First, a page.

Secondly, don't get too hung up on having a purely technical qualification. You have work experience in the industry, and believe me, that matters. I did an arts degree and then switched to tech and once I'd gotten over the hurdle of persuading a company to take me on in a technical role despite my academic background, it was smooth sailing.

Thirdly, if all the colleges you try are really that shortsighted and you really want to get back to school, from my experience both English Literature and History would benefit from your perspective. I can't comment on any other subjects coz I didn't take them.

English could suit you if what you enjoy about what you do now is seeing different ways to interpret and arrange content for interesting and strange effect. I don't know about the states, but here there is a growing interest in the mixing of technology and literature. History is perfect, especially medieval, if what you enjoy is sorting, categorising and analysis of information. It will make you quite good at documentation too<g>

Basically, don't assume going to a non technical department is a poor second choice and try to look on it as an opportunity. I certainly don't regret my arts background. And it goes without saying to check out the focus of the different departments. Forget about whether they'll like you. You liking them is far more important for your second chance at school.
I've always had the greatest respect for other peoples crack-pot beliefs.
- Sam the Eagle, The Muppet Show

All good advice below, but (3.80 / 5) (#18)
by ie on Tue Oct 03, 2000 at 07:50:23 AM EST

it also sounded like you wanted to possibly expand your career choices with your education. If you can't, or don't want to, go CS, there is another option: any hard science.

There will always be a need for people with CS-type skills in the hard sciences. That need is increasing (probably exponentially). Take physics, chemistry, biology, geology and within a semester you'll probably see a way to apply your tech skills to some problem in the field. You'll only enhance your attractiveness to grad school in that field (if you like it) with your work experience.

As a bonus, there is NO way they can even THINK about denying you access to CS courses if you're in a science major. If they do, get your major advisor to lean on them, and some of your major professors, too. They'll cave. As a result, you'll have expanded job opportunities - not only will you be desirable in CS/tech related fields, but you'll also be attractive to research/commercial companies who always need techies who have some knowledge of their field.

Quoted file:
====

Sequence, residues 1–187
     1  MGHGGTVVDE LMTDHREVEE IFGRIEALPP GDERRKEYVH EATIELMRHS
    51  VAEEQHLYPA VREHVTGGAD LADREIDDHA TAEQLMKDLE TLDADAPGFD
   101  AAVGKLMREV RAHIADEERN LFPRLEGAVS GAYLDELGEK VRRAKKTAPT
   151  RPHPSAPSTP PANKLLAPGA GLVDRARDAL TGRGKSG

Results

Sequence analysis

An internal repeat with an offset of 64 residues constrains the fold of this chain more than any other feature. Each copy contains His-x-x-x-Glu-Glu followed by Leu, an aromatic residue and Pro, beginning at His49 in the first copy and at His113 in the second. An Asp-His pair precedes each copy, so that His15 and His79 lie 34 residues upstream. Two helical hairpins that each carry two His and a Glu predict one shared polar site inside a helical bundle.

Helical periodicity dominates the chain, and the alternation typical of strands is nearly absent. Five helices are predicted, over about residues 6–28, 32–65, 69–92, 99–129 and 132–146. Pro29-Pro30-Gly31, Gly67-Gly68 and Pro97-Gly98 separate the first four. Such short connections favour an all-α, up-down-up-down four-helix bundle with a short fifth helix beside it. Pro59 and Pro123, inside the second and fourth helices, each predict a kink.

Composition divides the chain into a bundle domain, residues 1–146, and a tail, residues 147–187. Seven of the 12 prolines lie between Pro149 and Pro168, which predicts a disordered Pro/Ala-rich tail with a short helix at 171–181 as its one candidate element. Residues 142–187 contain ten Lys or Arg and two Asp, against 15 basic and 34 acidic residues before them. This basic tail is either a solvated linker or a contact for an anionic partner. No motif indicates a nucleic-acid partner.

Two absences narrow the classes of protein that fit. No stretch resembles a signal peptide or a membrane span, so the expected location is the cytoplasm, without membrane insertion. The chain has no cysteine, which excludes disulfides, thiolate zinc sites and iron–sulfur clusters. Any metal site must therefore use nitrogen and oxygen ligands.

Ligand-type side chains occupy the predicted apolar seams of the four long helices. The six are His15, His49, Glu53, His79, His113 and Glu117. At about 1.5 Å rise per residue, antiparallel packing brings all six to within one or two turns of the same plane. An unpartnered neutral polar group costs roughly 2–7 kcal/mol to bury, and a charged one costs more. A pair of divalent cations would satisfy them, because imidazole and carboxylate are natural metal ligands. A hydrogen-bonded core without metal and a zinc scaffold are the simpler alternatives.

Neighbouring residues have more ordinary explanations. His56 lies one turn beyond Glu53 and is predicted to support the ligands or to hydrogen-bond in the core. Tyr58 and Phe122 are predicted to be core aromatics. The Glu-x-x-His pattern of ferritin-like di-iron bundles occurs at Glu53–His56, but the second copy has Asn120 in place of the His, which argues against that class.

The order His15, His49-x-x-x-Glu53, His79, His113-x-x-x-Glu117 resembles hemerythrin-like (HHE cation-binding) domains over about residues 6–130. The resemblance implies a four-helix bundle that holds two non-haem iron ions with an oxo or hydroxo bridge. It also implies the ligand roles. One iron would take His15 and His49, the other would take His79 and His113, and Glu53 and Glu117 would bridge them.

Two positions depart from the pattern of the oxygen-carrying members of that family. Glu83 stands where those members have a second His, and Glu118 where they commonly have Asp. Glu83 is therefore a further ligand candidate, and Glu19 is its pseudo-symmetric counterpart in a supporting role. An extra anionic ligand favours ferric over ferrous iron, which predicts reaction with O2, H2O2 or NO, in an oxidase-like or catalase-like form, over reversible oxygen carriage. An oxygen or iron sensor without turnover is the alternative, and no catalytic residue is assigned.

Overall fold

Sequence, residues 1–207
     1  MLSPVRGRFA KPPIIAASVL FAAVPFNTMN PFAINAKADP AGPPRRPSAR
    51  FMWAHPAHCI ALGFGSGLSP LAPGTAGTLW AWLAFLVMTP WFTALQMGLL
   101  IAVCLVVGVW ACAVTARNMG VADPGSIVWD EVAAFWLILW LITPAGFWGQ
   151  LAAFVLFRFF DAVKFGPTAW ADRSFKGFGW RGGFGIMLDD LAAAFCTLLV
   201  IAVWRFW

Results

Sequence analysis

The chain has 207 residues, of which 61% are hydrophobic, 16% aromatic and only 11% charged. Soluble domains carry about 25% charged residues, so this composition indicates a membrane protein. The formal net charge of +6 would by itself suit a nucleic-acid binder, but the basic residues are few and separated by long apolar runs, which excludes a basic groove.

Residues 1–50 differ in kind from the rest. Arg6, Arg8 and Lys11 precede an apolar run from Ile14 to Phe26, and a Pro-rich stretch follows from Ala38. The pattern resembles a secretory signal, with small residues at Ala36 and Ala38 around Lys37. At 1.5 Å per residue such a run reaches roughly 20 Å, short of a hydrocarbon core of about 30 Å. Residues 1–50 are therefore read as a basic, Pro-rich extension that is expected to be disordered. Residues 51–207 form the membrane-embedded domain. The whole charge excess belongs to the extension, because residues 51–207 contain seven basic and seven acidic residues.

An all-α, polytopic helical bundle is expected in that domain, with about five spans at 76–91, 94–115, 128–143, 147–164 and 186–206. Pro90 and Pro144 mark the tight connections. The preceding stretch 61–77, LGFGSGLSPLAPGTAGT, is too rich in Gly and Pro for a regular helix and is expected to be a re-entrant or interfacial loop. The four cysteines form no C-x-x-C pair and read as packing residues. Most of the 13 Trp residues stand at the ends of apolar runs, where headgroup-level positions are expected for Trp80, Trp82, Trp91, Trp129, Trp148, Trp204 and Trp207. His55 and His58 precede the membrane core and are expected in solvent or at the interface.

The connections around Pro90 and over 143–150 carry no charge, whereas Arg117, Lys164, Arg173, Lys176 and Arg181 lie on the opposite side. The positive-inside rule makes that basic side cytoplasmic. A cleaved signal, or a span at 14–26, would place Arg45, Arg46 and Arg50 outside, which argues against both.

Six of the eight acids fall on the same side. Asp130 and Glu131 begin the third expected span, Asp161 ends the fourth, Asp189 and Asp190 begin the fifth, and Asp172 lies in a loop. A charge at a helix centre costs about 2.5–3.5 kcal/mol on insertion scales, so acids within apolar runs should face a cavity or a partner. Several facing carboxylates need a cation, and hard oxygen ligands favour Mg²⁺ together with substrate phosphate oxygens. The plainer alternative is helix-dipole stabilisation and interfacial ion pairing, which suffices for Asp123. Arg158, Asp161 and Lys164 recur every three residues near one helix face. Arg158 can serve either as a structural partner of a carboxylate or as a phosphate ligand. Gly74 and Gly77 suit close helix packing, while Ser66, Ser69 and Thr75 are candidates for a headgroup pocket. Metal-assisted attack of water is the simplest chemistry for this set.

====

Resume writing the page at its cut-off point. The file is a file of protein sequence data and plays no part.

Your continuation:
One Option (3.00 / 4) (#19)
by thejeff on Tue Oct 03, 2000 at 08:48:09 AM EST

If you do want the CS degree, apply for another major, get accepted, do a semester and then change majors. Especially if you can fit a programming and/or math class into that first semester (and of course do well). Changing majors is usually more up to the departments who will be more likely to consider your work experience.


Don't give up - it's not impossible... (3.50 / 2) (#20)
by slambo on Tue Oct 03, 2000 at 08:48:40 AM EST

(this tends to ramble a bit, but you're not alone in your predicament)

Last month I finally finished my own BS/CS degree after going through a similar set of troubles the first time around. Throughout junior high and high school it was just assumed that I would attend one of the University of California schools and get a BS in Comp Sci, then go on for a higher degree. I graduated HS and went on to enroll at UC Riverside where I spent four years, but in the fourth year, I stopped attending classes, spending my time playing Tetris or Mahjongg or reading Usenet. It's not too hard to figure out what happened to my GPA after that...

For a while, I didn't want anything to do with tech jobs, and went through several years of bad temp jobs. Finally, I got a job where I was allowed to explore programming at my own pace. I relearned C++, learned Clipper, and resparked my interest. After a move to Wisconsin, I took more tech-intensive support jobs, and then applied to night school at Lakeland College's (http://www.lakeland.edu) Madison WI campus. In one of the classes that I attended there, I made the connections to a new programming job.